The Australian reports this morning on a very strange email we received last week ($):
PUBLIC relations staff from the Department of Broadband, Communications and the Digital Economy are hawking articles praising the NBN to publications, telling editors they are free to run the stories under the names of their own journalists.
James Paterson, editor of the Institute of Public Affairs Review, which has been fiercely critical of the NBN, was startled to receive an offer of an article from an adviser at DBCDE on Friday offering a “meticulously researched” article on the NBN and women “quite gratis”. A follow-up email explained “the article is overly long — but deliberately so, to give you more choice if you cut”, while asking Mr Paterson to retain references in it to the Broadband Champions program launched last year by Communications Minister Stephen Conroy.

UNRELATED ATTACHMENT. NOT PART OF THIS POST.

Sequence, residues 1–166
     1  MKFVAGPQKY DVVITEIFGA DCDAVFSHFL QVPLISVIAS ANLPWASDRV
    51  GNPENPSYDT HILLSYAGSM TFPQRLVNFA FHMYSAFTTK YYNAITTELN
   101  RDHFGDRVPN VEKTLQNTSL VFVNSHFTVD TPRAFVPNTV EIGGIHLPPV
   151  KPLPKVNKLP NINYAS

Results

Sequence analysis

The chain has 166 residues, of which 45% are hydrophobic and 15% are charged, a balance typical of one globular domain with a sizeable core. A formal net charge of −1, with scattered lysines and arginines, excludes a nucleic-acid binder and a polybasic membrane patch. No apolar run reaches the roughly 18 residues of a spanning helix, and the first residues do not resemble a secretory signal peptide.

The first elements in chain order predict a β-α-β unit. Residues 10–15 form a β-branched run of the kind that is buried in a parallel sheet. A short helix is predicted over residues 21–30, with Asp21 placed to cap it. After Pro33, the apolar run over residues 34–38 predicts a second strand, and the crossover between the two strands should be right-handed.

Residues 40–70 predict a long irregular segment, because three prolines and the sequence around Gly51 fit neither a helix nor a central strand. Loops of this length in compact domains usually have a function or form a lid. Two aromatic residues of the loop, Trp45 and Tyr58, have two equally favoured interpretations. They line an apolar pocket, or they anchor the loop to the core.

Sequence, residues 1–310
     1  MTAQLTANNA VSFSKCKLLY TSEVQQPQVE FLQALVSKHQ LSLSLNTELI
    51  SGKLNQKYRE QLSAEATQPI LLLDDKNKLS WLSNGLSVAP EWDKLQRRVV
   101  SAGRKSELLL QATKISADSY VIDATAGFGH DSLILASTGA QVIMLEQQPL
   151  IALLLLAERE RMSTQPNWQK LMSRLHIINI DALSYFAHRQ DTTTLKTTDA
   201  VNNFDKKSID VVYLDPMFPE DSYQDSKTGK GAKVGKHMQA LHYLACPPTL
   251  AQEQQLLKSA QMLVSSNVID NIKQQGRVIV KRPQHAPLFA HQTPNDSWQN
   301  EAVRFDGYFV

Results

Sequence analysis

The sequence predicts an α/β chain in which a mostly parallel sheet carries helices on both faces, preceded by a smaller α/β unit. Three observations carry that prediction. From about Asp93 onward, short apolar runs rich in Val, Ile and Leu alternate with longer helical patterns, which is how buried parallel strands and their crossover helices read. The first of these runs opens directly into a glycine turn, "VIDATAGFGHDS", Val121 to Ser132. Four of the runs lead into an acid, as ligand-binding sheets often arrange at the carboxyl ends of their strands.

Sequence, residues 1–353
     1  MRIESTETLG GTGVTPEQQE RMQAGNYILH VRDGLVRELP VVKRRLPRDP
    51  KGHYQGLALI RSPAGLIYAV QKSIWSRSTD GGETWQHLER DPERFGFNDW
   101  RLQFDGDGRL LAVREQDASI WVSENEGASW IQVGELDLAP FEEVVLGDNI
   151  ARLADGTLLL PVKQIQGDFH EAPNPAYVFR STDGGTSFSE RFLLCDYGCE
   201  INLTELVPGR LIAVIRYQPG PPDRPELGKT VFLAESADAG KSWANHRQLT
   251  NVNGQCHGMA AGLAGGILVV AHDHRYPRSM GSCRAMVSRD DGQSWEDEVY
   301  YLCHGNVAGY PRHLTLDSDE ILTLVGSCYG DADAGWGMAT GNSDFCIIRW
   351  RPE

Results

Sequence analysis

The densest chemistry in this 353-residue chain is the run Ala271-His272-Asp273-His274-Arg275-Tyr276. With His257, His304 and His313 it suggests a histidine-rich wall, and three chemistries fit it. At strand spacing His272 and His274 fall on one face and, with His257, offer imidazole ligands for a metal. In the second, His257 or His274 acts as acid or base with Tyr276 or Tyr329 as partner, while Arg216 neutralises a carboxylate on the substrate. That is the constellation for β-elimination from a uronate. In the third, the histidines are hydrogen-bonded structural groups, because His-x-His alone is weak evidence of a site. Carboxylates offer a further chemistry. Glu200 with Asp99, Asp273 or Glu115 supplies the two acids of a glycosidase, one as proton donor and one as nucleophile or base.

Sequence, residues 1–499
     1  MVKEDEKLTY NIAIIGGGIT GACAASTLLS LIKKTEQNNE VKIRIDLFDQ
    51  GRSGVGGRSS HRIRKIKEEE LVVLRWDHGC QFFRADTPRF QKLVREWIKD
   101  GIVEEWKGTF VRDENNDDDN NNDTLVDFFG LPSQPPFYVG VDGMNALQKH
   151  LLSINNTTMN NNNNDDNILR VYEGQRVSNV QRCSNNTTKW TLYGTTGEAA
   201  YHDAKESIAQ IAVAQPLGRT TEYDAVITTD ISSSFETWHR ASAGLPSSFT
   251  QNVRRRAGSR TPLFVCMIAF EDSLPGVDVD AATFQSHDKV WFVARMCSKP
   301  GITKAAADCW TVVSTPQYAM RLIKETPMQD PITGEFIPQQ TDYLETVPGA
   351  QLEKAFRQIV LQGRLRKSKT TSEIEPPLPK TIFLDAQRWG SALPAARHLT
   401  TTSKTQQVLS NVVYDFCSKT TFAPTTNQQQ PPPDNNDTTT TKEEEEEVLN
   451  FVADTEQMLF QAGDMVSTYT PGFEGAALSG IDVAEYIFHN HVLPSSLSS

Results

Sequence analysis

A third told Mr Paterson: “I have no problems with you by-lining it from your team.”
Where to begin?
It’s disturbing enough that taxpayers are employing public servants to write pro-government spin (which has sadly been going on for a long time). Next time the CPSU or one of their state-based equivalents says we can’t possibly cut the public service without hurting hospitals and schools, remember this.
But it’s even more disturbing that at least one government department thinks it is ok to ghost-write articles praising government policy and then encourages editors to pretend it was written by independent journalists. That’s government-directed plagiarism, and it is coming from the department of a minister who thinks that journalists can’t be trusted to behave ethically.
This episode shows we certainly can’t trust the government to behave ethically when it comes to the media. It is yet another reason why we should oppose the recommendations of the Finkelstein review to give the government more power over the press.
UPDATE: If you are not a subscriber to The Australian, you can read this report on the incident.